Significant sales opportunities exist in Central and Eastern Europe for medical equipment manufacturers as the region begins to evaluate the advantages of integrating and expands its IT-based services into health care delivery and implementation programs, according to a new research report from IDC .
This is good news for electronics component vendors in the medical equipment market, but it comes with hurdles as challenging as the potentially huge sales identified by the research firm.
In recent years, the medical sector has proven a source of stable growth for the electronics industry. National governments, local authorities, and service providers have rushed to upgrade IT systems and implement electronics recordkeeping to reduce errors and improve operations. The beneficiaries of this push have included not only OEM equipment marketers like General Electric Co. (NYSE: GE), but also component vendors, distributors, contract manufacturers, and consulting companies.
The industry has focused in recent years on the matured markets of Western Europe and North America while seeking opportunities in parts of Asia, especially China, which has moved rapidly to integrate IT services into health care. However, it appears future growth will be centered on developing economies.
Industry analysts believe IT and medical equipment vendors should not ignore Latin America (Argentina, Brazil, Mexico, and Peru come to mind), Central and Eastern Europe, or Asian nations like India, the Philippines, and Vietnam, all of which are nascent but still quite important market segments.
Central and Eastern European nations are in a distinct category; they offer rapid sales growth mixed with irritatingly complex adoption problems. The region has been long plagued with major health challenges, including high and rising pharmaceutical costs, lack of adequate recordkeeping (especially electronic documentation), worker shortages, and increases in incidences of chronic conditions. In a report, IDC analysts said they believe "information technology holds a great deal of potential to help CEE countries meet their healthcare challenges." The researchers state further:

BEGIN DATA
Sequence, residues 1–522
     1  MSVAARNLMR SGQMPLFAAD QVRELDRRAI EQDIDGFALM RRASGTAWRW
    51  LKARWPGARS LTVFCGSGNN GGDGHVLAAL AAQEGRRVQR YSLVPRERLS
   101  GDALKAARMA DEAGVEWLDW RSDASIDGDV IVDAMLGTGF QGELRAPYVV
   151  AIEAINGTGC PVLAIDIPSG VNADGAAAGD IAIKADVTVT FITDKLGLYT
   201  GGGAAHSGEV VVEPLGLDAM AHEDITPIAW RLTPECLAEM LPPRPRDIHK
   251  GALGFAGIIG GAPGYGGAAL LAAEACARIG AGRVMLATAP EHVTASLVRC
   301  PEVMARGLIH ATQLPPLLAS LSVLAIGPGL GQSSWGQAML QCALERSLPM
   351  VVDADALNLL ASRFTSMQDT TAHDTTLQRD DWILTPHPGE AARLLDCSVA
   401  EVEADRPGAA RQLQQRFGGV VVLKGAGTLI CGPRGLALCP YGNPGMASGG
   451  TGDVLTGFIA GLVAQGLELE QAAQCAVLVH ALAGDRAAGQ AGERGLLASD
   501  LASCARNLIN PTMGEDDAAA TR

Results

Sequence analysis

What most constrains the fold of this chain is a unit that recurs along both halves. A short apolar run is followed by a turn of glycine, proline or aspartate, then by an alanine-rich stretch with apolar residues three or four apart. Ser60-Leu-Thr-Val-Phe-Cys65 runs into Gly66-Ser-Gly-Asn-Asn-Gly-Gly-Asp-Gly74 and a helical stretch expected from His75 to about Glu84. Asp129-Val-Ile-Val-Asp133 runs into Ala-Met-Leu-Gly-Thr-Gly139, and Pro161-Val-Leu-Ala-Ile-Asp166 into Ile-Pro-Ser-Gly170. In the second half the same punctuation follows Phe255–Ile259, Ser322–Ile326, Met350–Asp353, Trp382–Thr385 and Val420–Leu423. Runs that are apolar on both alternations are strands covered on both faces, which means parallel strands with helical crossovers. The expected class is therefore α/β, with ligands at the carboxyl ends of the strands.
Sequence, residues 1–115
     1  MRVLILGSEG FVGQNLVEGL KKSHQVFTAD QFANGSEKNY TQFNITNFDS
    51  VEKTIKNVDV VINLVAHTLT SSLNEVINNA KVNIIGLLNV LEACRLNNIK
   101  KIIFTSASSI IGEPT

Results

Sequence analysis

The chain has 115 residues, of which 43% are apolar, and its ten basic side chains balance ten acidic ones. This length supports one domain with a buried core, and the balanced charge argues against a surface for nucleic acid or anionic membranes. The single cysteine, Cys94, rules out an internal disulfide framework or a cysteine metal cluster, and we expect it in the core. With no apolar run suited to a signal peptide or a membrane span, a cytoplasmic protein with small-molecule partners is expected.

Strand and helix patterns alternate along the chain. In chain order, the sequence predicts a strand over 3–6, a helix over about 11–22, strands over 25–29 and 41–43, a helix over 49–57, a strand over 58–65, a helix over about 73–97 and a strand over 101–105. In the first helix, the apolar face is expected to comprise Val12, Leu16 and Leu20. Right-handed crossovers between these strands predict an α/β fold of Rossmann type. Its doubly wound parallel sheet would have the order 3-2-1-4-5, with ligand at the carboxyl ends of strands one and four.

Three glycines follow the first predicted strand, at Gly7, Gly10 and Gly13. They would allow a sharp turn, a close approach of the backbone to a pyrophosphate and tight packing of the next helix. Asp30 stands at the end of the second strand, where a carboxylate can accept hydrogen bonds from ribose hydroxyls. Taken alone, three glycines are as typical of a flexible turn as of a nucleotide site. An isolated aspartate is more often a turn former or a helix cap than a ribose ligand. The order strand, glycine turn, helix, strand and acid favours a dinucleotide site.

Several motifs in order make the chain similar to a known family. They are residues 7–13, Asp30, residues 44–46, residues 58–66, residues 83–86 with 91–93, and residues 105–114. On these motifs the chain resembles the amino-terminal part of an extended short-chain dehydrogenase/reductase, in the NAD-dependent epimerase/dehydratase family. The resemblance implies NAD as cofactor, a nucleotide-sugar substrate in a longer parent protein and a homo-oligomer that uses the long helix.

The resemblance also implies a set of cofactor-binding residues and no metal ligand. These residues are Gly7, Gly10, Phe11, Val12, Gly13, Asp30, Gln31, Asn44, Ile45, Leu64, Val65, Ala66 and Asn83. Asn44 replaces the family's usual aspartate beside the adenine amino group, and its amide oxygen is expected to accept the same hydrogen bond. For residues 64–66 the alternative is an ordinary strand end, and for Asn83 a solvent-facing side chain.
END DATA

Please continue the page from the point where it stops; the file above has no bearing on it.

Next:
While numerous large healthcare providers in CEE have implemented health information technologies, such as digital patient records and serialization solutions, few of these are interoperable with those in use at other hospitals. IDC believes that this situation is limiting the ROI on health IT investments and feeding uncertainty over the value of health IT among clinicians in the region.
Some may see these hurdles as potential dealkillers, but I believe they represent opportunities for determined service providers and electronics equipment vendors. The lack of interoperability of health IT systems can be resolved, though at a high cost to governments and hospitals. Medical equipment OEMs can offer financing and easy-pay options that will make it easier for service providers to adopt newer systems. OEMs should also be willing to assist with consulting services such as installation, maintenance, and continuous monitoring.
Medical and electronics equipment OEMs seeking opportunities in the Central and Eastern European health market may find themselves doing some handholding and organizing educational sessions to explain how their products can help the region improve the delivery of health care. Also, I think it's important to explain the return on investment the governments and institutions in the region can expect from investing in medical IT equipment.
IDC warned that medical equipment manufacturers will have to figure out the most appropriate sales and marketing strategy for the region. Importing a cookie-cutter system from Western Europe or North America simply won't work, Heather Keyes, a senior researcher with IDC, said in the report. "There is this tendency among EU-level policymakers and even some IT vendors to use countries in Western Europe or North America as models for CEE countries, when there is a lot to learn from providers in the region."
The bottom line, in my opinion, is that a new market opportunity is opening rapidly for electronics, medical equipment, and IT consulting companies in the Central and Eastern European health sector. The companies that will benefit most from the increased sales opportunities will use unconventional sales and marketing methods. The market exists, but tapping it is obviously not for the faint-hearted.